Silence is an unforgettable cinematic experience that will stay with you long after the end credits stop rolling. There are scenes of such high intensity that they will haunt you and make you question humanity as well as your very existence. Silence distances the viewer from the action (perhaps to lessen the intensity of suffering that the characters go through) and follows a realistic approach to pose pertinent questions about humanity vis-à-vis religion. How does religion affect our lives? How is religion often used by the state as an instrument to exercise control on the masses? How does religion hamper our intellectual growth by forcing us to unquestioningly accept established norms? The film tries to grapple with the common notions of sin and sinner. Silence also poses questions about faith, God's apparent indifference to human suffering, and indeed, God's very existence—motifs that Bergman touched upon in his "Faith" trilogy comprising Through a Glass Darkly, Winter Light, and The Silence. But there are no answers on offer, for Scorsese wants his viewers to draw their own conclusions.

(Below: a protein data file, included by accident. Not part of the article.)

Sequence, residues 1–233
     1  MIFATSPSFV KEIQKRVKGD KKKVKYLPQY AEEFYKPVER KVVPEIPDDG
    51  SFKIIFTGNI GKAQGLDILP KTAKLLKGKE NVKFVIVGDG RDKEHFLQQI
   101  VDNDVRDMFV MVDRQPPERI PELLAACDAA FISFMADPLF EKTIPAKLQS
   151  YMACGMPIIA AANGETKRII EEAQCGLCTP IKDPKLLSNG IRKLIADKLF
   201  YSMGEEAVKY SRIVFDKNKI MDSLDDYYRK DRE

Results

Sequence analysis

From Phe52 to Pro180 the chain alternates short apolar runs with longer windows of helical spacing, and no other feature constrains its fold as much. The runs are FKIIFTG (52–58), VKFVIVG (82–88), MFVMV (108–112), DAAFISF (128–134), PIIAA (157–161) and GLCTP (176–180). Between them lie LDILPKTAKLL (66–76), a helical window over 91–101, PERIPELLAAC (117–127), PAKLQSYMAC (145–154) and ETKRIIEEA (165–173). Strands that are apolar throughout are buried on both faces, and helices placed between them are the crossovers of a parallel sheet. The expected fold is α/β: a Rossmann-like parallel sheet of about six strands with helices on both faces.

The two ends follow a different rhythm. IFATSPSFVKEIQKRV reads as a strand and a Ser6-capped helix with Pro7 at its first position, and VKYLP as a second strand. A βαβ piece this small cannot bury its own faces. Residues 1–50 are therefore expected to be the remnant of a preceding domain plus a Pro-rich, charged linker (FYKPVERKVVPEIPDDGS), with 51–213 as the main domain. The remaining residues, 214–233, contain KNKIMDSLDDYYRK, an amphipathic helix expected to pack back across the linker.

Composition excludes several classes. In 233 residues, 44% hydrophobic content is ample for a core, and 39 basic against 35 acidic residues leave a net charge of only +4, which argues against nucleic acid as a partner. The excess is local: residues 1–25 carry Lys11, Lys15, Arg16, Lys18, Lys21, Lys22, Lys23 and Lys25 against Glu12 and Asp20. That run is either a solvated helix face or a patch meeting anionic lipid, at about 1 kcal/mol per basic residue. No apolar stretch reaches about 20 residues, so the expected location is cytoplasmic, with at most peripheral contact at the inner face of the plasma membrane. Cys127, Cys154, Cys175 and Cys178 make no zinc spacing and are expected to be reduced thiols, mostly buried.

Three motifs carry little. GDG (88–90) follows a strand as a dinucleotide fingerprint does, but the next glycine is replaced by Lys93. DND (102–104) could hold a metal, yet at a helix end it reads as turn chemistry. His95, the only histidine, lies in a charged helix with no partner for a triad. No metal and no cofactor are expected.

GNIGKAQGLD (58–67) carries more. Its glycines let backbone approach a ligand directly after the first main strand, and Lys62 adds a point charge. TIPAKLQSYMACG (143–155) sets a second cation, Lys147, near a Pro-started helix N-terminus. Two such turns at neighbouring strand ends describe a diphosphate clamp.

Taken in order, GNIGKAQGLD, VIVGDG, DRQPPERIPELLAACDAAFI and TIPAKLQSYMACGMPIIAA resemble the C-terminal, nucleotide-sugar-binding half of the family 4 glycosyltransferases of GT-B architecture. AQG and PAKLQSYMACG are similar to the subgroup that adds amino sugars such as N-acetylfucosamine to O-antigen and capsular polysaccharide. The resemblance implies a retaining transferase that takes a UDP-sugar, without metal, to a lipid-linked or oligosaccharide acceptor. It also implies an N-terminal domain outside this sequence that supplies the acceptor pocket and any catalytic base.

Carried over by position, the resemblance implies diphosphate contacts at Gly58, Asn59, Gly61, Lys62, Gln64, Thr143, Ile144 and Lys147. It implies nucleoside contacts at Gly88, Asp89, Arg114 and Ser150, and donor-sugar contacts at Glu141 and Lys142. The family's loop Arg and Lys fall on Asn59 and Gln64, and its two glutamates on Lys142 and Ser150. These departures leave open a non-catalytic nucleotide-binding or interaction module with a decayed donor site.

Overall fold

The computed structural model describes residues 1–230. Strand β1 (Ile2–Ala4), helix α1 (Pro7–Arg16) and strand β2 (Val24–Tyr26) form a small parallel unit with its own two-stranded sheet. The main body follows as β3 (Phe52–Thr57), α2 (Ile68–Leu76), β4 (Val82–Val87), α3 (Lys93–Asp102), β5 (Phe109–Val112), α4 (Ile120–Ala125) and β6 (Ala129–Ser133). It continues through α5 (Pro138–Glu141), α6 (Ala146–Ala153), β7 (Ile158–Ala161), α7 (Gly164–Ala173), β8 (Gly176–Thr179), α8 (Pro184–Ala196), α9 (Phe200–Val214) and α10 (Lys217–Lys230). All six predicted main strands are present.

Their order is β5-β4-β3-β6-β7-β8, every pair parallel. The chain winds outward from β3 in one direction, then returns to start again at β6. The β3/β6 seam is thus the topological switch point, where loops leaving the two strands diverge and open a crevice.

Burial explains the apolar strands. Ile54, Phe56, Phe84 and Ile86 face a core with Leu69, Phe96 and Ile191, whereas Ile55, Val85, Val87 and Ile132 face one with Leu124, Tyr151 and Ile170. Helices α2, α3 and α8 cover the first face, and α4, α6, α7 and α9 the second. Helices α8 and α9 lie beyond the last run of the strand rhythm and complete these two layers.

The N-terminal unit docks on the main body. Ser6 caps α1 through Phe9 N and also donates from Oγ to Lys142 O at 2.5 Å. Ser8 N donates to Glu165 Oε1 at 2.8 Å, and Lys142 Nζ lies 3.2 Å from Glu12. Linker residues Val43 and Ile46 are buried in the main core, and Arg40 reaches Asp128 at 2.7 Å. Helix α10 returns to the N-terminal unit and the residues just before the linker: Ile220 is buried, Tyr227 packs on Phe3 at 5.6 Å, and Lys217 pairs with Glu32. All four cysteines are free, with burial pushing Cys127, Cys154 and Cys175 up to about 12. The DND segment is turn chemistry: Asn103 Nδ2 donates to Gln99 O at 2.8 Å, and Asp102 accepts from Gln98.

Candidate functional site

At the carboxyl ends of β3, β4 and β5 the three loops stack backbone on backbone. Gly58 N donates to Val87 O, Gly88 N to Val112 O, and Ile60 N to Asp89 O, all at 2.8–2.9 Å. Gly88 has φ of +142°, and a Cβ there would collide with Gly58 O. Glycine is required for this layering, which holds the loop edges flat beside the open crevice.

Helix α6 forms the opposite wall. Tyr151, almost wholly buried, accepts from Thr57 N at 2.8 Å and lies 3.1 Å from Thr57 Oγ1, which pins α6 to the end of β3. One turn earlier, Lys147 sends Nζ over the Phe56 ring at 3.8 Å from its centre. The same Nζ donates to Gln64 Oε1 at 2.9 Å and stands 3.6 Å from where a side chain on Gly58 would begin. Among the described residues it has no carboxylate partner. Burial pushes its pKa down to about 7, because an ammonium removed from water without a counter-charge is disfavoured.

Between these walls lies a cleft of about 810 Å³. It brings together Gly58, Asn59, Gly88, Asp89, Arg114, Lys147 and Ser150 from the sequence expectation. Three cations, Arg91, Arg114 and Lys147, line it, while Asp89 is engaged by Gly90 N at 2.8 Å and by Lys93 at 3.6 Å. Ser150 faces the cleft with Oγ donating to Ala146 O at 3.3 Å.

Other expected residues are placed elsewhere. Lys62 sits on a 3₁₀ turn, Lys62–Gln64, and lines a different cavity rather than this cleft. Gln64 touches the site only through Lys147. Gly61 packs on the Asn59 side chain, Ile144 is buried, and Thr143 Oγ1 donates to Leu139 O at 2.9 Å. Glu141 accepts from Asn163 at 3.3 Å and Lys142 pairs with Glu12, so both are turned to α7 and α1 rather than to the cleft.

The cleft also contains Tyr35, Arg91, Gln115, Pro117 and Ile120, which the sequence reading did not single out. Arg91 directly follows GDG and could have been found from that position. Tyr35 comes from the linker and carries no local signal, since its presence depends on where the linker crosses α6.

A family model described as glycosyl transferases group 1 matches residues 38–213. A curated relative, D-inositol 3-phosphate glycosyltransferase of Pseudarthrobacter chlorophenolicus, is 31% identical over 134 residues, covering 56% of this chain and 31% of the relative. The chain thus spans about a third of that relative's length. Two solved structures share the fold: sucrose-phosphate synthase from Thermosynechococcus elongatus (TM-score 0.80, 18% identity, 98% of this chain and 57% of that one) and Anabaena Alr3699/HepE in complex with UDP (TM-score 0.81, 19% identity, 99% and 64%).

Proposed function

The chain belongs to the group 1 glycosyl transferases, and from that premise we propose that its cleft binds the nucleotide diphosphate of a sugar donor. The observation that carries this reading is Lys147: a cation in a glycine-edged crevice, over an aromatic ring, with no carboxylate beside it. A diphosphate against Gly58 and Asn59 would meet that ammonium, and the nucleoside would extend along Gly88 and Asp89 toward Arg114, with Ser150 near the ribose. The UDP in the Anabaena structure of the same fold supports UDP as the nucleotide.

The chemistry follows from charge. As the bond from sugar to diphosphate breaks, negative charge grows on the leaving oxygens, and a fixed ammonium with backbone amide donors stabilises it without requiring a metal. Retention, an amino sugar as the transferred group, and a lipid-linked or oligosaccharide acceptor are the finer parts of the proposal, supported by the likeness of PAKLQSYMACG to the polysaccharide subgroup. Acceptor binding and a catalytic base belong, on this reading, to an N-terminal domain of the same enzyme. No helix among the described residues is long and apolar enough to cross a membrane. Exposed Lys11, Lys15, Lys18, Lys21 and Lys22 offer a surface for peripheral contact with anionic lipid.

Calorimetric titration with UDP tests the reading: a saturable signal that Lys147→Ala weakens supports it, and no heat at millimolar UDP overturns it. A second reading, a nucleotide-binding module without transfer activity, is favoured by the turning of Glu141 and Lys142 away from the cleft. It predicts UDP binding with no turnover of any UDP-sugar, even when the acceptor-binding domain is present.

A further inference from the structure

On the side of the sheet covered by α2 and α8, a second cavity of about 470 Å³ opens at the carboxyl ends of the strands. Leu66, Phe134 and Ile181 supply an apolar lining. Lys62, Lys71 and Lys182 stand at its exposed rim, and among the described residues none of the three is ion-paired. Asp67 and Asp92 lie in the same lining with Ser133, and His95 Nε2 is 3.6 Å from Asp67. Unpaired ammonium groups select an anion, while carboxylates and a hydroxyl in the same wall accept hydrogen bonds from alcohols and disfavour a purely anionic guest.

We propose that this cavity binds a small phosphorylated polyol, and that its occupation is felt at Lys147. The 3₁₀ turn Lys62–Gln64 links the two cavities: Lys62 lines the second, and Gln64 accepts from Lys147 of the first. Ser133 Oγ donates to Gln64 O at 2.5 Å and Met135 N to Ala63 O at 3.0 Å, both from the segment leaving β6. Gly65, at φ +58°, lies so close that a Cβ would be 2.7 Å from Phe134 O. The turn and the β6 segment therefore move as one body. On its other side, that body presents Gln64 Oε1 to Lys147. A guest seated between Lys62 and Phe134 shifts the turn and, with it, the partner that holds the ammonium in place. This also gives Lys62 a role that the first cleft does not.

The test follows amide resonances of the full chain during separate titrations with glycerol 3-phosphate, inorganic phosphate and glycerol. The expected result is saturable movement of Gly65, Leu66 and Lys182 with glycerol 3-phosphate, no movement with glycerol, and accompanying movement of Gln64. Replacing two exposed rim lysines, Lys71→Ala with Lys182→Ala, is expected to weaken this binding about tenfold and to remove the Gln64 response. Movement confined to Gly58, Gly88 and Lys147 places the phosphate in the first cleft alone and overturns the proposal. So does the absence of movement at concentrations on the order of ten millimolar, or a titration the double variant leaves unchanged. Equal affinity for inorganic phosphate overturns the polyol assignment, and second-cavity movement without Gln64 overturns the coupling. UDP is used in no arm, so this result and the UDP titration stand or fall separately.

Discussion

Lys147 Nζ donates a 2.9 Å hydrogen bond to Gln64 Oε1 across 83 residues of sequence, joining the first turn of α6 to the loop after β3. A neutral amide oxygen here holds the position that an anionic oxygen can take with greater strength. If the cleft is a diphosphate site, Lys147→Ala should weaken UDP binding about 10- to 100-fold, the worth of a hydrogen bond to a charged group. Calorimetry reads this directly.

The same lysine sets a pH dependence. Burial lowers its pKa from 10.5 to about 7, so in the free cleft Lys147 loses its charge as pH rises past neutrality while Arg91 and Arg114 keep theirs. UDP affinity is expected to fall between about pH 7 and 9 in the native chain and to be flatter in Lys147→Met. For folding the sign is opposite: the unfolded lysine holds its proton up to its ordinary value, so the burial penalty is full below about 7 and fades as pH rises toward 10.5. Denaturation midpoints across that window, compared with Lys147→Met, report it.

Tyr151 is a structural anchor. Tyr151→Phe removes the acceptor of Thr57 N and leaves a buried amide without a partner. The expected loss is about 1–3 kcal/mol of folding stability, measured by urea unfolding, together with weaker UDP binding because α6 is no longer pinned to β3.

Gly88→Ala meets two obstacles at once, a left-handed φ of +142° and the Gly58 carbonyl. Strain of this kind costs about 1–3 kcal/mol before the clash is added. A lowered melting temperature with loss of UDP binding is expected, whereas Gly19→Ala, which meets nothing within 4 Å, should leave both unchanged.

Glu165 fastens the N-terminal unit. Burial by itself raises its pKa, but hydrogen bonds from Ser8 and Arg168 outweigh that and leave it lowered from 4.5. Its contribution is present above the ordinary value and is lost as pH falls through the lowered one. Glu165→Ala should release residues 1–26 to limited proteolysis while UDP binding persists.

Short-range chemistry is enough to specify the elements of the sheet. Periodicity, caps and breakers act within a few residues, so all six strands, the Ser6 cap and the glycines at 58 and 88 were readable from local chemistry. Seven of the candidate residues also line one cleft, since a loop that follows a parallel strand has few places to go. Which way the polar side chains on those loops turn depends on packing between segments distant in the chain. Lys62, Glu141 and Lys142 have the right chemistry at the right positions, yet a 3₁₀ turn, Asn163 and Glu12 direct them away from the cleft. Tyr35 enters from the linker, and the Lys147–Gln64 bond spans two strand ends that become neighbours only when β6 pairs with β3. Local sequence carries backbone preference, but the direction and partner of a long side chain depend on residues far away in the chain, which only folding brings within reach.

Vintage Scorsese, Silence is a powerful treatise on human existence. Here is a rare film that dares to explore contentious themes which other filmmakers have eschewed. This is not a film meant for casual viewing. But it makes for an immersive cinematic experience for a serious filmgoer. For those not used to watching this kind of realistic cinema, Silence may demand patience to begin with but soon the senses would take over, resulting in an experience of a lifetime.

Rating: A

A version of this review was first published in A Potpourri of Vestiges.